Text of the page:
By Rob Watson
In March of 2013, I was writing a column about the pope. When I started writing it, I did not know exactly WHICH pope I was addressing. One pope had just left the post and the Vatican was in the throws of electing another. As I finished the piece, the announcement came. A former cardinal from Argentina was to be the new pope. Pope Francis.
My article, which enjoyed wide readership, made a request of the new pope. I sent it via twitter to the Argentinian’s personal account, hoping to reach him before he was sucked up into the Vatican forever. The last line of my request: “Surprise us. Inspire us. Show us what love really looks like.”
In many ways, he has done just that.
From a church famous for defining LGBT people as “intrinsically disordered”, it was a shock to hear its leader to utter the statement, “Who am I to judge?” There were plenty of anti-LGBT moments served up by the Catholic Church as well, but gracious moments reflected from the warmth from Pope Francis’s gentle, humble attitude DID “surprise us, inspire us” and gave us a hint what love from a pope could look like.
As he arrives in the United States, we are reminded that loving embraces of the pope may only go so far. It is rumored that he has concerns about LGBT people greeting him at the White House. Mike Huckabee, our Official Grand Gay Basher, tried to stoke those rumors on Fox News. “If I were hosting a group of Alcoholics Anonymous, I wouldn’t set up an open bar,” demonstrating in one breath that he is (1) completely ignorant about AA members who live their lives comfortably in open bar environments all the time, and (2) seems equally ignorant on the pope’s holistic values. While Huckabee may love the pope’s stance on abortion, he and other GOPers are aghast that the pope is anti-poverty, anti-capitalism, anti-guns, global warming conscious and for progressive immigration. If by Huckabee’s analogy a few LGBT handshakes are “open bars to AA members”, then the pope hanging out with the GOP Presidential want-to-be’s would be akin to thrusting the AA member into a drunken Frat party orgy and handing him or her a keg.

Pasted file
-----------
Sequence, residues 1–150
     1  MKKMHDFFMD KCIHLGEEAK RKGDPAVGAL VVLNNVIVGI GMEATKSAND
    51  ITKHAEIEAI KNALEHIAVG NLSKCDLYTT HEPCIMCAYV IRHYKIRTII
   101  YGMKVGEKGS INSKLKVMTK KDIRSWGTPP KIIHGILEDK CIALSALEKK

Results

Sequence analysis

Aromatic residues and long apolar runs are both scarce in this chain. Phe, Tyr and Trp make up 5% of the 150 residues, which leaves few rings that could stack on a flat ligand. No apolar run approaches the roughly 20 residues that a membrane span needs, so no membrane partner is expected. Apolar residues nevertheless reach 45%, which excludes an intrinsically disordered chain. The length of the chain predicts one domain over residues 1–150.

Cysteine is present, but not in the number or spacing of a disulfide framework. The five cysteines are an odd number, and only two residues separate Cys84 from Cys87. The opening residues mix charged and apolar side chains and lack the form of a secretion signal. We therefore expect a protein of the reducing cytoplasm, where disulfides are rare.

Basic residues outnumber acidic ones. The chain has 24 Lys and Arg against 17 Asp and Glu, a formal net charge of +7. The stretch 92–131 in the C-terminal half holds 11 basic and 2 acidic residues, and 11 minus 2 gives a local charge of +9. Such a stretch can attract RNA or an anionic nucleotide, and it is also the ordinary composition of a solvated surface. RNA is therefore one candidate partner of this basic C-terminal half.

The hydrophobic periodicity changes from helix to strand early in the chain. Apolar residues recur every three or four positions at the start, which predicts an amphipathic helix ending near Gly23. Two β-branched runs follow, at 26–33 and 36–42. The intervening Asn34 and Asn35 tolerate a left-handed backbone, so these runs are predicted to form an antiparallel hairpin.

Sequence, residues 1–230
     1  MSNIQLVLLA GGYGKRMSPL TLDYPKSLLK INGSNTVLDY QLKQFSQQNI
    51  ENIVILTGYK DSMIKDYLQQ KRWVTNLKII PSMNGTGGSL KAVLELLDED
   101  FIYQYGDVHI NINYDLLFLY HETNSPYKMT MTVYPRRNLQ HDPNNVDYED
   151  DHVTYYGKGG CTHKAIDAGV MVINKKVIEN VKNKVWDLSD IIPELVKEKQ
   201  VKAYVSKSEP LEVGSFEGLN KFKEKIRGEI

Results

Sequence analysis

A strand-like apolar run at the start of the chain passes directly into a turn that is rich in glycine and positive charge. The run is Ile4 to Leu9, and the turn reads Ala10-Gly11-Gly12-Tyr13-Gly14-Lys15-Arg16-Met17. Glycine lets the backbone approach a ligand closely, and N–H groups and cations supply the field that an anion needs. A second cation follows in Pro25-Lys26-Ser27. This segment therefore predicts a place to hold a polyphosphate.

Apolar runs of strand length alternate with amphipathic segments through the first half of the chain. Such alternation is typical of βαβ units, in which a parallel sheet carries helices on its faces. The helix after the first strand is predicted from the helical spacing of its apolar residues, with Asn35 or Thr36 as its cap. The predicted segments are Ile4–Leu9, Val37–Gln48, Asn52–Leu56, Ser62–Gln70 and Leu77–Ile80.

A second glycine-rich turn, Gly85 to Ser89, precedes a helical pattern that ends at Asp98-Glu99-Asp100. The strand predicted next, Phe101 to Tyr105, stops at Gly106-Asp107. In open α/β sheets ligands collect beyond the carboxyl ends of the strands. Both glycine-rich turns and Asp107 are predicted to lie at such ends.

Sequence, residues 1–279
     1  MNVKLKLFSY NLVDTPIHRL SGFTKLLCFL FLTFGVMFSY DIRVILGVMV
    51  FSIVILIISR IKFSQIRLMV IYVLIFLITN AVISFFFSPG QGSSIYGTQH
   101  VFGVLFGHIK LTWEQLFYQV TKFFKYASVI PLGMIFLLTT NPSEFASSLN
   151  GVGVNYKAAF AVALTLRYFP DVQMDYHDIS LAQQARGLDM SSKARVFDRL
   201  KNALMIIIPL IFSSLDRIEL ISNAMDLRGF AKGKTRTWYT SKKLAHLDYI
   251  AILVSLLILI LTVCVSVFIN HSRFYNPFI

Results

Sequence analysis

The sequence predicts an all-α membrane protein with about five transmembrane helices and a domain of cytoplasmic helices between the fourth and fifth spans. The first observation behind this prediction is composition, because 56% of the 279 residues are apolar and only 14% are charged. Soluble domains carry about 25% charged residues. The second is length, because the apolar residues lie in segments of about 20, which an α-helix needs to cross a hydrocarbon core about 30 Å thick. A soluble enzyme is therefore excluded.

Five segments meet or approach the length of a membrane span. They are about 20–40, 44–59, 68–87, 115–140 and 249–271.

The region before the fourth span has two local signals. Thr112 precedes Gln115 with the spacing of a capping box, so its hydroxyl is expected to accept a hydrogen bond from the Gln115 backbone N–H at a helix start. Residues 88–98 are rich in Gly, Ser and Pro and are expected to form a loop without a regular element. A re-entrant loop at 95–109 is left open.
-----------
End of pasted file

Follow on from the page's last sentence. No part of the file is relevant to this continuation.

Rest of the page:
Tacky protocol not withstanding, there is a rumor going around that within the huge dogmatic monolith of a bureaucracy that is the Catholic Church, there is a living breathing human with a heart: Pope Francis.
It is to him, and that heart, that I make this invitation:
Dear Pope Francis,
Welcome to America. Welcome to the land of moneyed politics where the common man is being drummed out of having a voice. It is where the wealthy are running for office and the current Republican front runner has the advantage of being his own rich person, setting him apart from the others who are merely owned by other rich people.
It is a land that boasts as a major finance stream a “hate industry” operating under the guise of “Christianity” that raises millions of dollars by making media martyrs out of bigoted people refusing to do their jobs. It is a land that doles out regulations and restrictions over a virus that kills a few people and ignores proliferated weapons that kill hundreds of thousands.
Your brand of humility could be a breath of fresh air. Oh, yeah, and our air is heating up causing weird weather patterns. We’re not doing anything about that either.
I am a gay dad. I don’t detect that you come across very many people like me in your travels. You certainly did not when you hosted “Humanum”: The Complementarity of Man and Woman: An International Colloquium, at the Vatican with Pope Francis . That forum represented the worst of the worst in the intellectual rationalization of homophobia. Your Humanum videos represented fictions created by the now discredited anti-gay “researcher” Mark Regnerus. The forum itself included nonsensical speculations that:
Just as Mark Regnerus included NO families like mine to interview in his thousands of surveys (even though his study was supposedly to comment on LGBT families), no families like mine were at your forum either.
It begs the question, if you are going to make pronouncements about us, couldn’t you at least meet us first?